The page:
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A friend of mine is the executive director for an organization with global reach. He is intelligent and driven, but constantly distracted.

At any given time he will have Twitter, Gmail, Facebook and multiple IM conversations going. The majority of them are useful in some way. Yet, in the back of his mind, he knows there are more important deliverables to get to. But the days slip by and he finds himself working all weekend to catch up.

Staying up Sunday night until the early hours of Monday morning has become his modus operandi. He told me, while checking his Blackberry again, that it results in having no social life. It's so bad that he tried having his executive assistant pull all of the internet cables on his computer. But there were still too many ways to get online.

When he was struggling to complete a particularly big project, his brother took away his Blackberry and left him at a motel with no Internet access. Yet, even there, he still found a work-around within 10 minutes using his ancient Nokia phone to check email. Eventually, after eight weeks of almost solitary confinement, he was able to get the project done.

Why do otherwise intelligent people find it so easy to be distracted from what really matters?

Social media did not create the problem of distraction, but it is clearly an amplifier. Indeed, a Stanford University study headed by Clifford Nass showed that heavy media multitaskers are more susceptible to interference from irrelevant environmental stimuli than light media multitaskers. Heavy multitasking may encourage even heavier multitasking because it leads to a "reduced ability to filter out interference."

Could the part of our brain that is processing deeper cogitative thought actually be atrophying in the process?

None of this would matter if activity and reward were linearly related. But we live in a world where almost everything is worthless and a very few things are exceptionally valuable. This is a counterintuitive idea. After all, the idea that 50 percent of results come from 50-percent effort is appealing. It seems fair. Yet, research across many fields paints a very different picture.

As far back as the 1790s, Vilfredo Pareto observed this nonlinear pattern in Italy, where he found that 80 percent of the land was owned by 20 percent of the people. Much later, Joseph Moses Juran, a management consultant and one of the fathers of the quality movement, called the insight the "Pareto principle" and applied it beyond economics.

In "The Quality Control Handbook," Juran called it "The Law of the Vital Few." His observation was that you could massively improve the quality of a product by resolving a tiny fraction of the problems. He found a willing audience in Japan, where the country had been producing low-cost, low-quality goods. By adopting the focuss on quality, the phrase "Made in Japan" gained a totally new meaning. And gradually, the quality revolution led to Japan's rise as a global economic power.

Distinguishing the "trivial many" from the "vital few" can be applied to every kind of human endeavor and has been done so persuasively by Richard Koch, author of several books on how to apply the Pareto principle, also called the 80/20 rule, to everyday life. Indeed, the examples are everywhere.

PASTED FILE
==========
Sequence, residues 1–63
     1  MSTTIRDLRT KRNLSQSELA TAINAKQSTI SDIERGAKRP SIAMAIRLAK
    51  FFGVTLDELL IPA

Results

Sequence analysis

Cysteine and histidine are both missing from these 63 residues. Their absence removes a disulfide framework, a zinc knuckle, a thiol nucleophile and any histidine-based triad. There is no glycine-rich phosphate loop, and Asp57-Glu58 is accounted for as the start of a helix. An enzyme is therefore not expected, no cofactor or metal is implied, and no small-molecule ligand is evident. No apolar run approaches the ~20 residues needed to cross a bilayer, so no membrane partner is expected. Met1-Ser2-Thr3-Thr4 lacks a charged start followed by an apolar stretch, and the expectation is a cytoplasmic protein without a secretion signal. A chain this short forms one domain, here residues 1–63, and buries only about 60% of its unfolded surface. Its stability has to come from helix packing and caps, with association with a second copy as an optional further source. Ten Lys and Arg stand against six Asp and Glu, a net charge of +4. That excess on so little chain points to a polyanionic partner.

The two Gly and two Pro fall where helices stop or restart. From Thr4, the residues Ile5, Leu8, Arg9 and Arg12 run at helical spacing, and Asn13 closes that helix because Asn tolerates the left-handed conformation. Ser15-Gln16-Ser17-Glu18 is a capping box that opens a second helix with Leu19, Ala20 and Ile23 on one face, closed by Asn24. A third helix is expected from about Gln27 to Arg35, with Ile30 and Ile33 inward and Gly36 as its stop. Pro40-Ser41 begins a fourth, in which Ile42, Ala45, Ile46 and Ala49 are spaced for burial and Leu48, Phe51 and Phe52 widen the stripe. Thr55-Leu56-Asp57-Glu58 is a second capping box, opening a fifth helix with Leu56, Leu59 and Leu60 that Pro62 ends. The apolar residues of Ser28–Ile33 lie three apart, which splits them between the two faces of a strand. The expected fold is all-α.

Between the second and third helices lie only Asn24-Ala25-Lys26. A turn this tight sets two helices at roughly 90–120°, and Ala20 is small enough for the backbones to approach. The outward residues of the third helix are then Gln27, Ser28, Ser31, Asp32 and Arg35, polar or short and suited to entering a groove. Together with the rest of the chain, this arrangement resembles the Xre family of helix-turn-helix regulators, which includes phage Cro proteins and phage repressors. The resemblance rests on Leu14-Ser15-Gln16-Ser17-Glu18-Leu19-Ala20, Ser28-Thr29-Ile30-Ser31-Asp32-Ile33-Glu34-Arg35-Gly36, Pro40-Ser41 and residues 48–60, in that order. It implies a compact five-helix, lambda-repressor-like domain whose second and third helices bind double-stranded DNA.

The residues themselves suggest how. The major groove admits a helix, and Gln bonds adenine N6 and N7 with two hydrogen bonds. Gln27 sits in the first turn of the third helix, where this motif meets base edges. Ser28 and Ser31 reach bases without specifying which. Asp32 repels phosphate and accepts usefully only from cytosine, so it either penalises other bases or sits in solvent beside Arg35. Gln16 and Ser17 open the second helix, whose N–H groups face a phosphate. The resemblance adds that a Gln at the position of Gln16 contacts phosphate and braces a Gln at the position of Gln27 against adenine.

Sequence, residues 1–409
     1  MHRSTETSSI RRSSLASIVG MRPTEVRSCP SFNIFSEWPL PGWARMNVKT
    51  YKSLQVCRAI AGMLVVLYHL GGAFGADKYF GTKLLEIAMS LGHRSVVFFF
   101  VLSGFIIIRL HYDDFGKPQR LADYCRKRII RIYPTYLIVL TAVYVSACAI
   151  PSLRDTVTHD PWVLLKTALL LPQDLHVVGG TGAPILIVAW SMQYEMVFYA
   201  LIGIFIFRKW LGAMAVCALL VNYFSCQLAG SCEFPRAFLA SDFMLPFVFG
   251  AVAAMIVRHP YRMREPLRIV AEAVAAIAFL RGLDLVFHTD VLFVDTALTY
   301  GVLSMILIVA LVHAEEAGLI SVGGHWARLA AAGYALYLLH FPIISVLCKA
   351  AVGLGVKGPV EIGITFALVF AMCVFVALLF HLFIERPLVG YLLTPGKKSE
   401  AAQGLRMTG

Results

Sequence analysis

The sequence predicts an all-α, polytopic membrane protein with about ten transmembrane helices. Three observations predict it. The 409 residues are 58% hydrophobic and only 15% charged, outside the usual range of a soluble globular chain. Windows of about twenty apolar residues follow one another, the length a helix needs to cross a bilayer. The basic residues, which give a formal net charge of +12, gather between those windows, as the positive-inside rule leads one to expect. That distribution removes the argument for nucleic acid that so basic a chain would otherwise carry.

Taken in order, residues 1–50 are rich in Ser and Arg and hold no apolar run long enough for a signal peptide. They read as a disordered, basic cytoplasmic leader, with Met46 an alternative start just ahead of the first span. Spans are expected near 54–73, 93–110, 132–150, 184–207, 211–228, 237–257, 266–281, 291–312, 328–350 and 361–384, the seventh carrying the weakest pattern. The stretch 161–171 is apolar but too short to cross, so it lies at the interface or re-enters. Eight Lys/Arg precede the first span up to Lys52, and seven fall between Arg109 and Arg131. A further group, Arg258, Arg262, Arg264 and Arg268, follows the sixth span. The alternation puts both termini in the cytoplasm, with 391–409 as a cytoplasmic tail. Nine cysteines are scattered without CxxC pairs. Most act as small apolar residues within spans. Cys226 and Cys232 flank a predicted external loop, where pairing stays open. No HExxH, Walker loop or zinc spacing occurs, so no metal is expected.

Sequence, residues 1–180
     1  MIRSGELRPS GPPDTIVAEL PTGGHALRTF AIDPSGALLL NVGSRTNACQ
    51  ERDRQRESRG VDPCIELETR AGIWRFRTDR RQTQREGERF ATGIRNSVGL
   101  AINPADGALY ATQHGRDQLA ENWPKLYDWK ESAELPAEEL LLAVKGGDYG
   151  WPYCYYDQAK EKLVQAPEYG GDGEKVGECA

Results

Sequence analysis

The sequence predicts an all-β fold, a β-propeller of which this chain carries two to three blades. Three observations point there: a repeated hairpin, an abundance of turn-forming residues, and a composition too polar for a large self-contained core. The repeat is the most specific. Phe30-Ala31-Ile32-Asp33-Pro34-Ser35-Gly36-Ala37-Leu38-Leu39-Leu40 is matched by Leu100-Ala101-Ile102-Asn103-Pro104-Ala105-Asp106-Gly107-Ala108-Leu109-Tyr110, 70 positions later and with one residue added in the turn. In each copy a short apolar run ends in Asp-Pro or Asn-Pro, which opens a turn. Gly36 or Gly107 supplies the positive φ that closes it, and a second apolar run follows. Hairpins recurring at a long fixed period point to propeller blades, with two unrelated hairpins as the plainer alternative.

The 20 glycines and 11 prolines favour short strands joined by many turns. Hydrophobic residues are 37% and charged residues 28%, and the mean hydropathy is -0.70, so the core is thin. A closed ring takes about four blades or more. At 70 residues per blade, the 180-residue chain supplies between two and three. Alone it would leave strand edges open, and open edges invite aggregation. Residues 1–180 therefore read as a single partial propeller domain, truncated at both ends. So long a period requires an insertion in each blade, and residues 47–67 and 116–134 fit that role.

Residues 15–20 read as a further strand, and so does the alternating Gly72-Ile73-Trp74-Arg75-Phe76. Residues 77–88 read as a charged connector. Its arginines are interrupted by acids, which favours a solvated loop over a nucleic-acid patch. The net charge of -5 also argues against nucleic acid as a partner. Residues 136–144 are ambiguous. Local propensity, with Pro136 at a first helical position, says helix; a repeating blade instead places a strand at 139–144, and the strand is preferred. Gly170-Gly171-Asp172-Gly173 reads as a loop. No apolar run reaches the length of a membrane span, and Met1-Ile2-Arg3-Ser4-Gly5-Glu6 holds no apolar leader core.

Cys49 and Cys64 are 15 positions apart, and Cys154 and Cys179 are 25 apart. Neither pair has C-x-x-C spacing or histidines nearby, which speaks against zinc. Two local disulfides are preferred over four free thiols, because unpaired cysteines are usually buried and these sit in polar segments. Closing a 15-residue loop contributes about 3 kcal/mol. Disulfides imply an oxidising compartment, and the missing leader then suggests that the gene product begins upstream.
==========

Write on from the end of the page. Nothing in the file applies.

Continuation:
Think of Sir Isaac Pitman, the inventor of shorthand, who discovered that just 700 words make up two-thirds of our language. This was further validated by Zipf's Law. Or think of Nathan Myhrvold, the former chief technology officer for Microsoft, who said, and then confirmed to me in person for this article) "The top software developers are more productive than average software developers not by a factor of 10 times or 100 times or even 1,000 times , but by 10,000 times." It may be an exaggeration, but it still makes the point that effort and results do not share a linear relationship.

Once we unlearn 50/50 logic, a whole set of behaviors become instinctive. We start scanning our environment for what is really essential. We eagerly eliminate the nonessentials. We say no to 1,000 projects in order to say yes to the one that is exactly what we are looking for.

Just think of Warren Buffet's philosophy, quoted by Mary Buffet and David Clark in "The Tao of Warren Buffet," "You only have to do a few things right in your life, so long as you don't do too many things wrong." The authors continue, "Warren decided early in his career it would be impossible for him to make hundreds of right investment decisions, so he decided that he would invest only in the business that he was absolutely sure of, and then bet heavily on them. He owes 90 percent of his wealth to just 10 investments. Sometimes what you don't do is just as important as what you do."

To get started, I recommend a simple action list.

  1. Before you leave the office today, write down your top six priorities for tomorrow on a Post-it note.
  2. Cross off the bottom five.
  3. Write down your single top priority on a Post-it note and put it on your computer.
  4. Schedule a 90-minute window to work on your top priority — preferably the first thing of the day.
  5. Every time you are about to check email, Facebook, Twitter or other form of social media, write down what you are about to do.

The cumulative impact of this small change can be profound. Indeed, I just received an email from an executive about a member of his team who has a particular tendency to want to do everything. Interestingly, this team member is the most productive member on his team. When he was young, he learned to push past his tendency. (A funny video, titled "A Handy Tip for the Easily Distracted," can be found on YouTube with a handy tip for others who are easily distracted.) Most of us just haven't fully learned how to do that.

But we can.

Originally published in "Harvard Business Review."